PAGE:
How is Julius different from Sam or Remus?

What makes Gideon pathetic (and the weakest of the four characters)?

Further Suggestions for Discussion and Comparison:

Irony: Unexpected twist of fate

Chesnutt’s “A Matter of Principal”

Dunbar’s “The Scapegoat”

Activity: Dramatize “A Matter of Principal”; have students attempt to put on the “airs” of the Claytons and then discuss their feelings as participants and observers.

Problems of the color line:

Chesnutt’s “The Sheriff’s Children”

Cable’s “The Story of Bras-Coupé”

Social Commentary and the Awakening of Modern Themes:

Dunbar’s “The Lynching of Jube Benson”; “The Ingrate”.

Chesnutt’s “The Sheriff’s Children”; “Cicely’s Dream”.

Further Suggested Activities:

Creative Writing:.

1.In 2-3 paragraphs, create a southern plantation setting similar in style to Page’s settings.
2.Describe a lynching from a black character’s perspective. Characterization through dialogue:
Select two or three ex-slaves and have them meet.

Create a dialogue that reveals differences in their characters.

Suggestions: Gideon, Josh, Sam, Julius.

Act out the dialogues in class.

Television vs. the Short Stories:

1.Show the Auction and Middle Passage scenes (and the symbolic escape/castration scene) from Roots (video-tapes available at Lee High School). Contrast the use of realistic detail with the minimum of detail in Cable’s “Bras-Coupé.”
2.Compare the effects of Kizzie’s ability to write (in Roots) with Josh’s use of the same ability in Dunbar’s “The Ingrate.”
Final Note: Emphasis on vocabulary and reading skills should be reinforced throughout the course of the entire unit.

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Student Bibliography

Chesnutt, Charles W. The Wife of His Youth. Ann Arbor: University of Michigan Press, 1968.
Dunbar, Paul Laurence. The Strength of Gideon and Other Stories. New York: Arno Press, 1969.
Fenson, Harry and Hildreth Kritzer. Writing About Short Stories. New York: The Free Press, 1969.
Holmes, William and Edward Mitchell, ed. Nineteenth-Century American Short Fiction. Glenview, Ill: Scott, Foresman, 1970.
Hughes, Langston, ed. Best Short Stories of Negro Writers. Boston: Little, Brown and Co., 1967.
James, Charles L., ed. From the Roots. New York: Dodd, Mead, and Co., 1970.
Moffet, James and Kenneth R. McElhany, ed. Points of View. New York: New American Library, 1966.
Sauer, Edwin H., and Howard Mumford Jones. Short Stories. New York: Holt, Rhinehart and Winston, Inc., 1963.
Stanford, Barbara Dodds, ed. I, Too, Sing America: Black Voices in American Literature. New York: Hayden Book Co., 1971.

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Teacher Bibliography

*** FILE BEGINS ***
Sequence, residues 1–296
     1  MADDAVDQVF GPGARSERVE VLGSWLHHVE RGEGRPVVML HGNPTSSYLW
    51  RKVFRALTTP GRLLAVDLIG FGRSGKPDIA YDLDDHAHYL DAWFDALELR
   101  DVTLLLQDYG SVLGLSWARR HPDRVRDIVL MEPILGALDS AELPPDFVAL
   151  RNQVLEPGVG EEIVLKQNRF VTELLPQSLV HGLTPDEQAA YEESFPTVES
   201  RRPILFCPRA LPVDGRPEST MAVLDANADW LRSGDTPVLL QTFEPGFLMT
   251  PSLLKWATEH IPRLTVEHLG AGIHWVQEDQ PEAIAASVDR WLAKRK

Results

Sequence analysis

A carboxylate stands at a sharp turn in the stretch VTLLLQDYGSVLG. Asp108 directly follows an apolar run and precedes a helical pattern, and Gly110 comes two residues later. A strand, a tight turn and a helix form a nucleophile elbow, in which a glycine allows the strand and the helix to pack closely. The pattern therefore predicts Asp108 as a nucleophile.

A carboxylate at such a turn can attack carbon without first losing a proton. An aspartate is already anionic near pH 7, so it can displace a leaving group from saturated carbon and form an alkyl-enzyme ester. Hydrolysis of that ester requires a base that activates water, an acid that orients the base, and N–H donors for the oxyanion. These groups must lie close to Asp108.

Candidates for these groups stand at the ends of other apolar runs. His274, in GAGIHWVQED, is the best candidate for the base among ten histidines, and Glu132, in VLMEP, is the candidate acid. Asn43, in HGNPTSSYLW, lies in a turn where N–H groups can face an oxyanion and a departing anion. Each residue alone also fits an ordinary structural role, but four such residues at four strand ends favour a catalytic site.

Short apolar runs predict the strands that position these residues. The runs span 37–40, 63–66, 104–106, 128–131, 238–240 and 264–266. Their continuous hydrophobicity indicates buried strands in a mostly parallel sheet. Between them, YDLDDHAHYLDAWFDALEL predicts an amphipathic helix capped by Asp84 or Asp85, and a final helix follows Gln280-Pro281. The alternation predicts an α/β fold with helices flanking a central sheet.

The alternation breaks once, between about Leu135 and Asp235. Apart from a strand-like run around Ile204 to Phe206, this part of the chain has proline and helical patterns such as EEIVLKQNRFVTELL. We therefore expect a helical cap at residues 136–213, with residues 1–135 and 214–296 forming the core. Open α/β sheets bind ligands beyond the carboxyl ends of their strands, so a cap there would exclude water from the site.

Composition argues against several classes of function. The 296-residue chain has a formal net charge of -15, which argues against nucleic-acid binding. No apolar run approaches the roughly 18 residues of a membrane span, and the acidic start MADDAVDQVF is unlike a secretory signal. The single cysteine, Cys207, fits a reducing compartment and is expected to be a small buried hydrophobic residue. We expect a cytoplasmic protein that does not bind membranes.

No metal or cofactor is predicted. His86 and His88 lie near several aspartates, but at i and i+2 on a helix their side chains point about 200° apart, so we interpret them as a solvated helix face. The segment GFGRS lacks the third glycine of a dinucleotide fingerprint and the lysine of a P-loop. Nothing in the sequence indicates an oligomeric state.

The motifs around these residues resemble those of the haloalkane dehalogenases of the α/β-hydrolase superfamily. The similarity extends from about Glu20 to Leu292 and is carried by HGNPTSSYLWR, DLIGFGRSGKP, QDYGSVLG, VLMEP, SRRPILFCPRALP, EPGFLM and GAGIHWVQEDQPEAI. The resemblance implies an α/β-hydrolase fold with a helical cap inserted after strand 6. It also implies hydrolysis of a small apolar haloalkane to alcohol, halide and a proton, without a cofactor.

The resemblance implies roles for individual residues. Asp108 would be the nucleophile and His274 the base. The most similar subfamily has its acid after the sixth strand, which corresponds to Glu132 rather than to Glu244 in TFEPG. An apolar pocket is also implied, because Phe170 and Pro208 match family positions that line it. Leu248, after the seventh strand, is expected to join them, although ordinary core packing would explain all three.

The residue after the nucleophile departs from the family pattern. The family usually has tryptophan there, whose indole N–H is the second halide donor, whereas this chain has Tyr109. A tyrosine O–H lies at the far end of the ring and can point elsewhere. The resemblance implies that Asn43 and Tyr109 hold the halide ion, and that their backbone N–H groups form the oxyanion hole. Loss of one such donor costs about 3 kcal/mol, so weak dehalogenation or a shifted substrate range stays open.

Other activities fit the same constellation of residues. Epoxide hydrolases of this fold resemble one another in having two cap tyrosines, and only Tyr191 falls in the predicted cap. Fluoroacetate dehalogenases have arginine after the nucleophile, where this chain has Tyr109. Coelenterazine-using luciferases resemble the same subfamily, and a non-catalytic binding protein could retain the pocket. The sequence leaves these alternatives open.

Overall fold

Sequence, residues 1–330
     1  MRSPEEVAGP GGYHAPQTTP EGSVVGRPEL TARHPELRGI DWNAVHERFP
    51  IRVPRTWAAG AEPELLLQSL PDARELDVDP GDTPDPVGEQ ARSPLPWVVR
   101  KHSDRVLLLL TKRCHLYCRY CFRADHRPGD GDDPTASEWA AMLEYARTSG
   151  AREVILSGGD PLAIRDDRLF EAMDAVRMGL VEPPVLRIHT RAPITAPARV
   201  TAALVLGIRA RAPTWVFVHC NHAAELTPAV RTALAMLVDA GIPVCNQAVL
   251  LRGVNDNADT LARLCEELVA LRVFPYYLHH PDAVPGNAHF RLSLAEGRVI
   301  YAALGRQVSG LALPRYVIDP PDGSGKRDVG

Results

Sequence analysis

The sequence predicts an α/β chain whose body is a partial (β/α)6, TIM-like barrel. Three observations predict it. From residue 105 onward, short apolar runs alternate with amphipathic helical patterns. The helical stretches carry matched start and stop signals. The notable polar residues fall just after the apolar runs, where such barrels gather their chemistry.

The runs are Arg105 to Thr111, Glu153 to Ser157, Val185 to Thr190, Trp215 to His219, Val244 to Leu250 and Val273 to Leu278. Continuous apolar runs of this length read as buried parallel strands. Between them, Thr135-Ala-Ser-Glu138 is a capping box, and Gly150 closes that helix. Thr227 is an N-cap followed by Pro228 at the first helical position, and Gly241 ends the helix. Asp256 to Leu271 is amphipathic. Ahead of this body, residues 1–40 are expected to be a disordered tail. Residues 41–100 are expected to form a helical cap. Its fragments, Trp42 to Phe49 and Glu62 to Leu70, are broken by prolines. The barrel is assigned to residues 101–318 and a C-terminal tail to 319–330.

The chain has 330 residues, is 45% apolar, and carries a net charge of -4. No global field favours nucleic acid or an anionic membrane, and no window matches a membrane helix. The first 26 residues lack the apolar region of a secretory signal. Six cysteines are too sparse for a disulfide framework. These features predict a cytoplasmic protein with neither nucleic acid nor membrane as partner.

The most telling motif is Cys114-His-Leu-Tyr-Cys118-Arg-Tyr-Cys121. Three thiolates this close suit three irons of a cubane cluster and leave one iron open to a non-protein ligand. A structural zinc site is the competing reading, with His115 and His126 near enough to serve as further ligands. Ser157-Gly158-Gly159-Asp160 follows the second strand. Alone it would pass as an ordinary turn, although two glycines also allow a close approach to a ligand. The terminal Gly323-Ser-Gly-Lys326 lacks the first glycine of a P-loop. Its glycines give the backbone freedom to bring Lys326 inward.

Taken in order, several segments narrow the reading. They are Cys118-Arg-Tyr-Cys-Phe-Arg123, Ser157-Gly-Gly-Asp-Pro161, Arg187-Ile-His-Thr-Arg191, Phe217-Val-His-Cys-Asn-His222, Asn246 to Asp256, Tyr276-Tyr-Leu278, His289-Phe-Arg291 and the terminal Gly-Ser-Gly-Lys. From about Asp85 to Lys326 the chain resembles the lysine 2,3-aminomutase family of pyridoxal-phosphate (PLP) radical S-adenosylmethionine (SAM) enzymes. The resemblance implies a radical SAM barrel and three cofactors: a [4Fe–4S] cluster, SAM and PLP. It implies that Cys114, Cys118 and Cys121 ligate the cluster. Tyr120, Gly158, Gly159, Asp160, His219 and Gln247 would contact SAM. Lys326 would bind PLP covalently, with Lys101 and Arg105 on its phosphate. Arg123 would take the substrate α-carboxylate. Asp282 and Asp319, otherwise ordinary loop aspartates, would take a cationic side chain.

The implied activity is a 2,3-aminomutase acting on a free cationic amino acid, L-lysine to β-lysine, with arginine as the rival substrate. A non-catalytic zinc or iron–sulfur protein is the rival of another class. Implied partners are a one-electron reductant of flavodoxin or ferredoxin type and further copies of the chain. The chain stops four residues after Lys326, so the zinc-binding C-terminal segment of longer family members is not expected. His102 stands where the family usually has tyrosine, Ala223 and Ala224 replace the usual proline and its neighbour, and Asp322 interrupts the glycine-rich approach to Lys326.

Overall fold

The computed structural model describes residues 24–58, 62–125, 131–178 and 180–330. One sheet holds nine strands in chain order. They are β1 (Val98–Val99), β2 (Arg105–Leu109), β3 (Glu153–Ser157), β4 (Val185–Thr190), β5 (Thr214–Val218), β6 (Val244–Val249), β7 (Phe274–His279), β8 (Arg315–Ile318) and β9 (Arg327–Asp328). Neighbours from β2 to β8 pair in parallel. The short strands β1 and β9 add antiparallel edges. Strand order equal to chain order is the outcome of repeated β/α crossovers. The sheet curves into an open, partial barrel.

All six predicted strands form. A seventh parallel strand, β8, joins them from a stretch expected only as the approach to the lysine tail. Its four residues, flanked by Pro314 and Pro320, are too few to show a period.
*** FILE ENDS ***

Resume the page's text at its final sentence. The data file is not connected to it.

Note: The books listed above should be included as an essential part

of the bibliography to follow.

Primary Sources: Collections and Anthologies

Brawley, Benjamin, ed. The Best Short Stories of Paul Laurence Dunbar. New York: Dodd, Mead, and Co., 1938.

Cable, George Washington. Old Creole Days. New York: Heritage Press Edition, 1943.

_______. Strange True Stories of Louisiana. New York: Charles Scribner’s Sons, 1889.

Chesnutt, Charles W. The Conjure Woman. Ann Arbor: University of Michigan Press, 1969.

Day, A. Grove, ed. The Greatest American Short Stories. St. Louis: McGraw-Hill Book Co., 1953.

Dunbar, Paul Laurence. Folks from Dixie. New York: Dodd, Mead, and Co., 1898.

_______. In Old Plantation Days. New York: Dodd, Mead, and Co., 1903.

_______. The Strength of Gideon. New York: Dodd, Mead, and Co., 1909.

Page, Thomas Nelson. Bred in the Bone. New York: Charles Scribner’s Sons, 1904.

_______. In Ole Virginia, or Marse Chan and Other Stories. New York: Charles Scribner’s Sons, 1890.

Secondary Sources

Baker, Houston A., Jr. Singers at Daybreak: Studies in Black American Literature. Washington, D.C.: Howard University Press, 1974.
Berthoff, Warner. The Ferment of Realism in American Literature, 1884Ð1919. New York: The Free Press, 1965.
Bigsby, C. W. E., ed. The Black American Writer: Volume I: Fiction. Deland, Fla: Everett/Edwards, Inc., 1969.
Bone, Robert. The Negro Novel in America. rev. ed. New Haven: Yale University Press, 1965.
Gloster, Hugh M. Negro Voices in American Fiction. New York: Russell and Russell, Inc., 1965.
Gross, Seymour L. and John Edward Hardy, eds. Images of the Negro in American Literature. Chicago: University of Chicago Press, 1966.
Harlow, Alvin Fay. Joel Chandler Harris, Plantation Story Teller. New York: J. Messner, Inc., 1941.
Loggins, Vernon. The Negro Author: His Development in America to 1900. Port Washington, N.Y.: Kennikat Press, 1964.
Pattee, Fred Lewis. The Development of the American Short Story: An Historical Survey. New York: Harper, 1923.
Render, Sylvia Lyons. The Short Fiction of Charles W. Chesnutt. Washington, D.C.: Howard University Press, 1974.
Simpson, Claude. The Local Colorists: American Short Stories, 1857Ð1900. New York: Harper, 1960.
Tebbel, John. The American Magazine: A Compact History. New York: Hawthorn Books, Inc., 1969.
Voss, Arthur. The American Short Story: A Critical Study. Norman: University of Oklahoma Press, 1975.